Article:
Steel, like all materials, reacts to changing temperatures in both useful and damaging ways. Here we discuss how steel reacts to low and high temperatures, so you can be prepared for all seasons.
Cold air affects steel in a range of ways, and thermal cracking is one of them. It’s important to understand what it is and how you prevent it, to ensure that your steel properties don’t crack in the brisk weather.
Most of the metals that are flexible at room temperature tend to become much stiffer in the cooler air, causing fractures in steel to change from ductile to brittle. Put simply, instead of bending, the steel will break.
To ensure that your steel properties survive the colder temperatures, you need to properly preheat them before using. If it’s a thin sheet of steel, it could come to room temperature on its own within hours or days. The thicker the steel, the longer it takes to come to room temperature. Keep this in mind when planning your usage of the steel.
Steels at low temperatures
As mentioned, steel properties are heavily impacted in cold temperatures and are susceptible to breakage. Here, we offer some more information about the transition from ductile to brittle.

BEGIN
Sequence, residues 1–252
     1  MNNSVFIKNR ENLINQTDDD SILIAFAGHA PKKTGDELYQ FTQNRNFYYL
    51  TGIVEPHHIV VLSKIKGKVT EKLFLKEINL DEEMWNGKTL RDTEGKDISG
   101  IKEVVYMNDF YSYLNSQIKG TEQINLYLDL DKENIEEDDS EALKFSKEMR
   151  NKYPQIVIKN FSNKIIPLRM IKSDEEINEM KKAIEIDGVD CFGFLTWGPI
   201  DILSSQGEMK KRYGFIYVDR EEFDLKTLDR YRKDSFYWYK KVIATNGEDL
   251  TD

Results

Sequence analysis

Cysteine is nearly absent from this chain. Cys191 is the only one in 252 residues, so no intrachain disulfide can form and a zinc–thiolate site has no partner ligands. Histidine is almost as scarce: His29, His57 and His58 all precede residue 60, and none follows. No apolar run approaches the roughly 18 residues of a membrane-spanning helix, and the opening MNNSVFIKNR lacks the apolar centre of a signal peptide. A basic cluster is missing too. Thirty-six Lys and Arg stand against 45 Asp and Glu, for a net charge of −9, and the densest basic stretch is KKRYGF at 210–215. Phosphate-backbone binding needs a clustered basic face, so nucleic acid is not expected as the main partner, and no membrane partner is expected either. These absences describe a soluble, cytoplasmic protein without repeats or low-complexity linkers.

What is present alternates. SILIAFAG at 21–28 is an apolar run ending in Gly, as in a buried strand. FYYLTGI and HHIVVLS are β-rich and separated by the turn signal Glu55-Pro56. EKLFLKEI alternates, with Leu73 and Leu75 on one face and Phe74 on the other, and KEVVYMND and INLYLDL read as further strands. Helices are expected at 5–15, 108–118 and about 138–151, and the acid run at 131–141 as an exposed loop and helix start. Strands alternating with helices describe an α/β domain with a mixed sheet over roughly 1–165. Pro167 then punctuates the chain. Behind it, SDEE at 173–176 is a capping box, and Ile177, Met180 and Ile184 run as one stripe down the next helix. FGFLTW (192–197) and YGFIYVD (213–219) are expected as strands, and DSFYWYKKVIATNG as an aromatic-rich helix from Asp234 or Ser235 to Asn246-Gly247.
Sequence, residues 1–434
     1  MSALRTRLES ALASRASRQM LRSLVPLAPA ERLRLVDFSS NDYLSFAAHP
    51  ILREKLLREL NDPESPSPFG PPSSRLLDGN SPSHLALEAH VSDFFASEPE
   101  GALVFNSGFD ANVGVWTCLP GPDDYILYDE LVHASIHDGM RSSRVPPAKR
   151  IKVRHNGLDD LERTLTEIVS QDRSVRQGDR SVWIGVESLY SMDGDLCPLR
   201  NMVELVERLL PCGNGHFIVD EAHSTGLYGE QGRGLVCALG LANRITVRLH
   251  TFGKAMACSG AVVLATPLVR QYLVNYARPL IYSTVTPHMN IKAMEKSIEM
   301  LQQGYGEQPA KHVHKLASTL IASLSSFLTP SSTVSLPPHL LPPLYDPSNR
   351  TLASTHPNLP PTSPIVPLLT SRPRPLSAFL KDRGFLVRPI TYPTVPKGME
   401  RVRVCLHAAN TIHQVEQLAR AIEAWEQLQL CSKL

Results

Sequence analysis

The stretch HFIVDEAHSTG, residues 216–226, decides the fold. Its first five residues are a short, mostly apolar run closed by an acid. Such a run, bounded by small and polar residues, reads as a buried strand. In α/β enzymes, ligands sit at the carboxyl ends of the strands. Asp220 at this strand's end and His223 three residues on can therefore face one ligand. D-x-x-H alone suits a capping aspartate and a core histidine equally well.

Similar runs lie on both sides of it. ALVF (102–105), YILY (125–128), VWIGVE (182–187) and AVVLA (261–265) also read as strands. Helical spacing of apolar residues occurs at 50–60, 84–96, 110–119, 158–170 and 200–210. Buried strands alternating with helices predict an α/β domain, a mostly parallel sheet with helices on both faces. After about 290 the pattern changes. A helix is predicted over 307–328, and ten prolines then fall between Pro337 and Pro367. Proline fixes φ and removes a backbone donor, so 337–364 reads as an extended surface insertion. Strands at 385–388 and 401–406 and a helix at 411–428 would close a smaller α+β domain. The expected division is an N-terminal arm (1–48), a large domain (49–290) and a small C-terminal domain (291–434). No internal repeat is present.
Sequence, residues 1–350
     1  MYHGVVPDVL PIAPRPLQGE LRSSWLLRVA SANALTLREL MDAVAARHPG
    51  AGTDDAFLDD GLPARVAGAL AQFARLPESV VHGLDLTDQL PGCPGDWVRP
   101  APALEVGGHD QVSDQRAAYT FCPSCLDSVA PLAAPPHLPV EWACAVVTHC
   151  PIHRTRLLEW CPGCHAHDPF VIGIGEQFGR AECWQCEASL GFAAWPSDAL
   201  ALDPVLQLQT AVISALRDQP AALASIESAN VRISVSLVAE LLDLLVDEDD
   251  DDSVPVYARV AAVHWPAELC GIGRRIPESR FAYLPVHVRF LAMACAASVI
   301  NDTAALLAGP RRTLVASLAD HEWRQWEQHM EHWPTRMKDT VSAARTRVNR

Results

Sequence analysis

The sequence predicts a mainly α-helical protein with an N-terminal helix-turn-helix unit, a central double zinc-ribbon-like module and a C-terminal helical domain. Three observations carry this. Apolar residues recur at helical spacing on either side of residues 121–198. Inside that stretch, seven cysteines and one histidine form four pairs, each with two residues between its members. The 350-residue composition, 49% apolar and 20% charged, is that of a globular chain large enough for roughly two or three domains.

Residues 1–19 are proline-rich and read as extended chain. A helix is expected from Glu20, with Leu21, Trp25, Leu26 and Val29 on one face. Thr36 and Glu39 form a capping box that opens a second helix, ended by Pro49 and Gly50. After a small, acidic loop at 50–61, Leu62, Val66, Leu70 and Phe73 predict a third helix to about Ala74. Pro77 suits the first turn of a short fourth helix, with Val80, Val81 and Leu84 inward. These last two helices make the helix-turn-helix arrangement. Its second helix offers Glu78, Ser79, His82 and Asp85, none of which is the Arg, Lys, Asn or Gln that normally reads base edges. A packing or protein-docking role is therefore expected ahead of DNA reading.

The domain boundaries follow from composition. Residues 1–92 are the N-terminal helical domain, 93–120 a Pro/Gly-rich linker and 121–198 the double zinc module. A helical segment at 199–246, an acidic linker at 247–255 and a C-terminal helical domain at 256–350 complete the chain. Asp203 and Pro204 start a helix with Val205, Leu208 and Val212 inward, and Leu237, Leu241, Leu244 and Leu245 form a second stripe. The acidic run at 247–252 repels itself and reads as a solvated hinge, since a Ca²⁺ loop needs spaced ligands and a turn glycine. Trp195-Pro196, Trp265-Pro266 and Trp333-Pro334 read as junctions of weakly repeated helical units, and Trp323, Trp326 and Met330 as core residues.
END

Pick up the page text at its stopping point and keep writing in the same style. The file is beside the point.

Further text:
The transition temperature at which brittle fracture occurs is reduced by:
- a decrease in carbon content, less than 0.15% is desirable
- a decrease in velocity of deformation
- a decrease in depth of ‘notch’
- an increase in radius of ‘notch’
- an increase in nickel content
- a decrease in grain size
- an increase in manganese content; Mn/C ratio should be greater than 21, preferably 8
Steels at high temperatures
Steel properties under a constant stress result in a slow plastic deformation known as creep. This is relevant in:
- The soft metals used at about room temperature, such as lead pipes and white metal bearings.
- Steam and chemical plant operating at 450-550°C.
- Gas turbines working at high temperatures
It’s crucial to know that creep can take place and lead to fracture at static stresses – much smaller than those which will break the specimen – when loaded quickly in the temperature range 0.5-0.7 of the melting point. Keep this in mind when working with steel properties at high temperatures.
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